Beef cattle breeding – all year, or in a season?

Breeding in a beef herd can take place all year, or in a short breeding season. Each has advantages and disadvantages. Use the best one for your needs.

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Breeding throughout the year
Leave the bull with the cow herd all year round, but put heifers in the breeding herd when they are ready for mating.


  • Cows produce milk all year round. This milk can be used in the household.
  • As the bull stays in the herd, bull management is simpler.
  • Where there is more than one bull, the bulls fight more.Because only a few cows come on heat at a time, one bull can mate with more cows in a year.
  • The average is two bulls per 100 cows.A bull will mate with a cow as soon as she comes on heat after calving.
  • A bull will mate with a heifer as soon as she is heavy enough and comes on heat.


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  • Enough good food is necessary all year round for a good conception rate.
  • Management tasks such as dehorning, vaccination and castration must be done all year round.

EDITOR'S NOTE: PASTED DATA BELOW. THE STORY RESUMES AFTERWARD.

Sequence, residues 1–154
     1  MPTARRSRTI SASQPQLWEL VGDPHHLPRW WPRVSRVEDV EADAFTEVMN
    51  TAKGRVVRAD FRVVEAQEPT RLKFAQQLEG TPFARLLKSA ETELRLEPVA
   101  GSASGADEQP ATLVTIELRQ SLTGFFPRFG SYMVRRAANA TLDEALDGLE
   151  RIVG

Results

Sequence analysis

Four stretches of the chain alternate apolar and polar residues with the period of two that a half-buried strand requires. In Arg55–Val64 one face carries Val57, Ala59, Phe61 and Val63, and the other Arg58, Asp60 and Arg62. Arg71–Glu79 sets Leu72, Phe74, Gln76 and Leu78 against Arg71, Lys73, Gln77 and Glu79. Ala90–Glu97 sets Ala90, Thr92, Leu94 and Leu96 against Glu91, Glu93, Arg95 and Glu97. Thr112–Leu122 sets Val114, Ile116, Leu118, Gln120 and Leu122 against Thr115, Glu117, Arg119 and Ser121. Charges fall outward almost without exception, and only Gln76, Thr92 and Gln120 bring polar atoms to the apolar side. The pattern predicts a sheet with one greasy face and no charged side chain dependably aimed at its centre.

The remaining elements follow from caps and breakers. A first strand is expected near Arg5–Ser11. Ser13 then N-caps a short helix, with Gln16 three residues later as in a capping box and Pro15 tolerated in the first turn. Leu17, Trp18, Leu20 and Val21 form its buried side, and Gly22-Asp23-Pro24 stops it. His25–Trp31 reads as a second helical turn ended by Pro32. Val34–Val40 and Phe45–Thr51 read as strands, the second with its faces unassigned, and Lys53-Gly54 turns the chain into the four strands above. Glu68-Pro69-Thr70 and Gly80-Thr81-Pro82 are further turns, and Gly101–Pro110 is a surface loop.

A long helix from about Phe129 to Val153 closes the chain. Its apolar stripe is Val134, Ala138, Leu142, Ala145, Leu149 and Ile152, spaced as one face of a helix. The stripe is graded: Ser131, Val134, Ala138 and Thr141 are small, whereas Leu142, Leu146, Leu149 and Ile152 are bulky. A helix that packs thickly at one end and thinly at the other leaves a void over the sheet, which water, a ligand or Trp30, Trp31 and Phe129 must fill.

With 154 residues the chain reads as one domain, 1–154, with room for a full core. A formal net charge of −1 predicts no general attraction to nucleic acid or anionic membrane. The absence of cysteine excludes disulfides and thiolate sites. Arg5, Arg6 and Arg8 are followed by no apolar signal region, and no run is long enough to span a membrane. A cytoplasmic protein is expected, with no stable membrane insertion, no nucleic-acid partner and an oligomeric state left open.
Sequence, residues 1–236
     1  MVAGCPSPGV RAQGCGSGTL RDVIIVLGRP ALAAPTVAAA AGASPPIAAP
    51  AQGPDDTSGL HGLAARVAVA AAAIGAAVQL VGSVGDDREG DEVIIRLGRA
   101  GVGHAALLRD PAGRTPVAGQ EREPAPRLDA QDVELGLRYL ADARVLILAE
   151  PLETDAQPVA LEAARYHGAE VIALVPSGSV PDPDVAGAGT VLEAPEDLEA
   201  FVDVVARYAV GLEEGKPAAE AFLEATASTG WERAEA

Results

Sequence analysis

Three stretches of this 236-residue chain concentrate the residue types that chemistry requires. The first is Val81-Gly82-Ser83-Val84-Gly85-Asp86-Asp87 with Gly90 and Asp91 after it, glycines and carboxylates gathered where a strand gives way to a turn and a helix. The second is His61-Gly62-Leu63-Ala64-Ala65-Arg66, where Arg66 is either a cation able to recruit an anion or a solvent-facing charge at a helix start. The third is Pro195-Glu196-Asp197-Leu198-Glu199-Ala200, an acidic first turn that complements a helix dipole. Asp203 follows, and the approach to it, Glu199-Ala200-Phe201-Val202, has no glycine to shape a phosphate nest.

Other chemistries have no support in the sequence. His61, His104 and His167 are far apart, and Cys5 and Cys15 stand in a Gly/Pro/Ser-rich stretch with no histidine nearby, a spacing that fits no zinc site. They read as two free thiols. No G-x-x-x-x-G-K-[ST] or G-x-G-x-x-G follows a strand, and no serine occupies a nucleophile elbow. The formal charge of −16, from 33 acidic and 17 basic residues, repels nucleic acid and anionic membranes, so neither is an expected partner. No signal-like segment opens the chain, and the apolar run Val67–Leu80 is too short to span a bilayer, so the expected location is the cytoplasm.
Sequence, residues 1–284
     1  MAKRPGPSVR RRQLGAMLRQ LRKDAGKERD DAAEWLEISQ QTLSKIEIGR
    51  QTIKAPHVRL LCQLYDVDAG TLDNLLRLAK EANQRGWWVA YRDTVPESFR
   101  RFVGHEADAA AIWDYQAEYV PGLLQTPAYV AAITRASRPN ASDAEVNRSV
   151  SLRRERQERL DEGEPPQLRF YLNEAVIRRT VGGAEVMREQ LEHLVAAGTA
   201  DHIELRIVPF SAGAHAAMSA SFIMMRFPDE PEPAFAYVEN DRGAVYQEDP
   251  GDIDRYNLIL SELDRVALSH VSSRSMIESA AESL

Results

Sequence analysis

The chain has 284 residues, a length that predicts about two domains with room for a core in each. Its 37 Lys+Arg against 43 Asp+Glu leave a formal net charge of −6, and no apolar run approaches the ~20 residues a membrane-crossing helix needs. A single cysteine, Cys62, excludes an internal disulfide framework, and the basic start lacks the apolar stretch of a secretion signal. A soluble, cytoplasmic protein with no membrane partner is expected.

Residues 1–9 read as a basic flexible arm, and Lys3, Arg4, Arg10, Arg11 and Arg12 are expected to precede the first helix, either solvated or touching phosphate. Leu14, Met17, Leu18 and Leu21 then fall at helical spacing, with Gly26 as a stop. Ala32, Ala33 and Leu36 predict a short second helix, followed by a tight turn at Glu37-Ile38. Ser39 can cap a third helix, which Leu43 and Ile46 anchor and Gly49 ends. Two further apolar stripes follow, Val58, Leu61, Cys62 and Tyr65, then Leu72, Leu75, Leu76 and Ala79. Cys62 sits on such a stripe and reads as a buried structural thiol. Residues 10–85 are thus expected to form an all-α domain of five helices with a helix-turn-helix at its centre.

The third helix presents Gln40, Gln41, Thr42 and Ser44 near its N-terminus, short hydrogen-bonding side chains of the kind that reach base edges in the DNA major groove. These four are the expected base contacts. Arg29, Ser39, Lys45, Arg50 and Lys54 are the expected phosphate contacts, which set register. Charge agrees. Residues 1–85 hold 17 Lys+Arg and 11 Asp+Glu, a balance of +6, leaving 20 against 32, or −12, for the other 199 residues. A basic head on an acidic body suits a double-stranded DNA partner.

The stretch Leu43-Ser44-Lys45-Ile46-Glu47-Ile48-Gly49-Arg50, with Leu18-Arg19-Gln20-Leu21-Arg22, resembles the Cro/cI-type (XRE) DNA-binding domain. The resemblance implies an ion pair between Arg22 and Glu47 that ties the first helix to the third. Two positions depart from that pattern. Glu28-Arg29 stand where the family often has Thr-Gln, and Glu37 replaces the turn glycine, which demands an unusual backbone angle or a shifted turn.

• For artificial insemination, someone has to spot which cows are on heat all year round. 
  • Short breeding season
  • In a short breeding season, cows calve either in spring or in autumn.

You can match the feed that is produced and available on the farm to the herd’s feed requirements.
It’s simpler to plan herd and feed management. You can mark, weigh, vaccinate, dehorn and castrate all calves in a day or two. The rest of the year is then free for other tasks.
It’s easier to monitor conception rates and find the cows that don’t conceive.
You can divide weaned calves in same-age groups of at least 10 to 15 animals to test and compare their performance.
You can market animals in same-age groups when the beef price is high.
For artificial insemination, heat spotting is only necessary for a short time.


  • If a cow doesn’t conceive when the bull is with the herd, she must wait for the next breeding season, losing a year in her productive life.
  • Many cows come on heat in the first six weeks of the breeding season, so you need more bulls to mate with them. The average is four to six bulls for 100 cows, depending on the type of farm, size of the camps and the number of cows in the breeding herd.
  • You must feed and care for the bulls between the breeding seasons. Use strong fences to keep them apart and to prevent fighting. 
  • Heifers must be kept in a separate herd until they are heavy enough for breeding. 
  • Next time, we will look at how to time a breeding season. 

Source: National Department of Agriculture and KwaZulu-Natal Department of Agriculture.